Ms Logan welcomed recommendations in the report that her office be given the power to investigate complaints from children held in St Patrick’s Institution.
The report by the Irish Penal Reform Trust (IPRT) said there were 241 committals of boys aged 16 and 17 to the Dublin prison in 2008.
Of these, 131 were children serving sentences, with the rest on remand awaiting trial. An additional 248 children were detained at five child detention centres in 2008.
The IPRT report, Detention of Children in Ireland, said a range of international monitoring bodies had repeatedly called for children to be removed from St Patrick’s, which also houses young men aged 18 to 21.
In 2008, the Government approved plans to move inmates aged 16 and 17 to a new National Children Detention Facility, in Lusk, north Dublin. However, this is not expected to happen until 2012.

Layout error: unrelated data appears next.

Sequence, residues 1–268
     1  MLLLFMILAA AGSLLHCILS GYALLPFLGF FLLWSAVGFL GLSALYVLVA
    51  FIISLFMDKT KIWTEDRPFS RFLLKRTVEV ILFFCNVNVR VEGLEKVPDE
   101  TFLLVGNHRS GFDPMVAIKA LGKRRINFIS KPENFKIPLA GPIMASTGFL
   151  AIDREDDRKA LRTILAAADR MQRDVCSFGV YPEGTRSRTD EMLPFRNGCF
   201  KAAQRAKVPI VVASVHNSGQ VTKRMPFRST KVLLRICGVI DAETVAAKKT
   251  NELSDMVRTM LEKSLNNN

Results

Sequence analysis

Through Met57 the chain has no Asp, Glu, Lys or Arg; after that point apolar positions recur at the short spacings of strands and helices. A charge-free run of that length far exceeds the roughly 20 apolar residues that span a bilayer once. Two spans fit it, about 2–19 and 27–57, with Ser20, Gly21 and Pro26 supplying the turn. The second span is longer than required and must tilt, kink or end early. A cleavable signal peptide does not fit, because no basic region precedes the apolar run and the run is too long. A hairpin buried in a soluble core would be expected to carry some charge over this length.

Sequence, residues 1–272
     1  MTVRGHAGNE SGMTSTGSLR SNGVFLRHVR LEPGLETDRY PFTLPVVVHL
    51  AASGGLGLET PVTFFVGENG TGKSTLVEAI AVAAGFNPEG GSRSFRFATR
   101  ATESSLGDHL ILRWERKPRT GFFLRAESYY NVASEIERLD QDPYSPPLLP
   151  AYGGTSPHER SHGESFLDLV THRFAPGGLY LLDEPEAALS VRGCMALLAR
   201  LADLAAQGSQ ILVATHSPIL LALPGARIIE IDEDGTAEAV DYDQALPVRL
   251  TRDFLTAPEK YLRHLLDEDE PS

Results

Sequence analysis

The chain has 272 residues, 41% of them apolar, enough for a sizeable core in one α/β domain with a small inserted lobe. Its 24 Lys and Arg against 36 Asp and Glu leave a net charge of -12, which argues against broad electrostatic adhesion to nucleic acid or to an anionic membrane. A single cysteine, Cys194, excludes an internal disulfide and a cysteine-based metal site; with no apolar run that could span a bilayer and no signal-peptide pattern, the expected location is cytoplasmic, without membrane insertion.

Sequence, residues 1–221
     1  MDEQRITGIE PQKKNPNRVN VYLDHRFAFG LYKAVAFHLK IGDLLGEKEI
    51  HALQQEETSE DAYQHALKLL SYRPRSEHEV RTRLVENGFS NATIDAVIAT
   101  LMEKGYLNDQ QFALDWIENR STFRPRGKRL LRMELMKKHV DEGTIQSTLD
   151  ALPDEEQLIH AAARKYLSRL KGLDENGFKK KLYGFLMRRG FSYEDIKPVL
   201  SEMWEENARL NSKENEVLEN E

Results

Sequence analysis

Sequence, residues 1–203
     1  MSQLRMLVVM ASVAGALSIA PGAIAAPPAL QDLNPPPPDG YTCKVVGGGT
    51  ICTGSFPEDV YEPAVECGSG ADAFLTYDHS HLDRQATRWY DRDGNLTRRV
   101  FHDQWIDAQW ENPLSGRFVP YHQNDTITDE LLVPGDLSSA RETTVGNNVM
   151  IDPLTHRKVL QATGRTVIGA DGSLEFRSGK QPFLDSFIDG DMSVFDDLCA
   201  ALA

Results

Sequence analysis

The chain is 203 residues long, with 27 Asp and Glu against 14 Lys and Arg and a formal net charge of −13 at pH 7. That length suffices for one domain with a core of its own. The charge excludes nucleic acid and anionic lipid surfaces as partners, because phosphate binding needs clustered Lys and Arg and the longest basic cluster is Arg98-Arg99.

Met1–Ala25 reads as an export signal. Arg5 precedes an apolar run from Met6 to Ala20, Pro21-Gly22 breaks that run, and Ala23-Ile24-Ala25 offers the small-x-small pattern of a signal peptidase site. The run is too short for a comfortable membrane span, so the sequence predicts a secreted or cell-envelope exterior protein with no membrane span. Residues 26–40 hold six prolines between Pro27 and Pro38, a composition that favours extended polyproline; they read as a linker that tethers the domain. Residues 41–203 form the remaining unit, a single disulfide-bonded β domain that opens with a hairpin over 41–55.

The Government has amended legislation to allow it temporarily to detain children aged 16 and 17 in St Patrick’s until then.
In her foreword to the report, Ms Logan said: “The continued detention of boys in St Patrick’s Institution (pending the construction of the National Children Detention Facility) remains a serious concern, and is not in compliance with international human rights standards. Having visited all of the Detention Schools and St Patrick’s Institution, I am convinced that the detention of children in prisons must end.”
She added: “Of additional concern is the fact that I cannot investigate complaints from children held in St Patrick’s Institution due to an exclusion in the Ombudsman for Children Act, 2002.
“I, therefore, particularly welcome the recommendation contained in the report that supports both my own and the Committee on the Rights of the Child recommendation to extend the remit of the Ombudsman for Children’s Office to include the power to receive complaints from children so held.”
The report said drugs remained one of the “pressing problems” in St Patrick’s and said the increased security measures had resulted in a rise in “bullying and intimidation” where vulnerable inmates are “being forced into accepting drugs during visits for others”.
Dr Ursula Kilkelly, chair of the IPRT, said that a quarter of the population were on protection “fearing for their own safety”.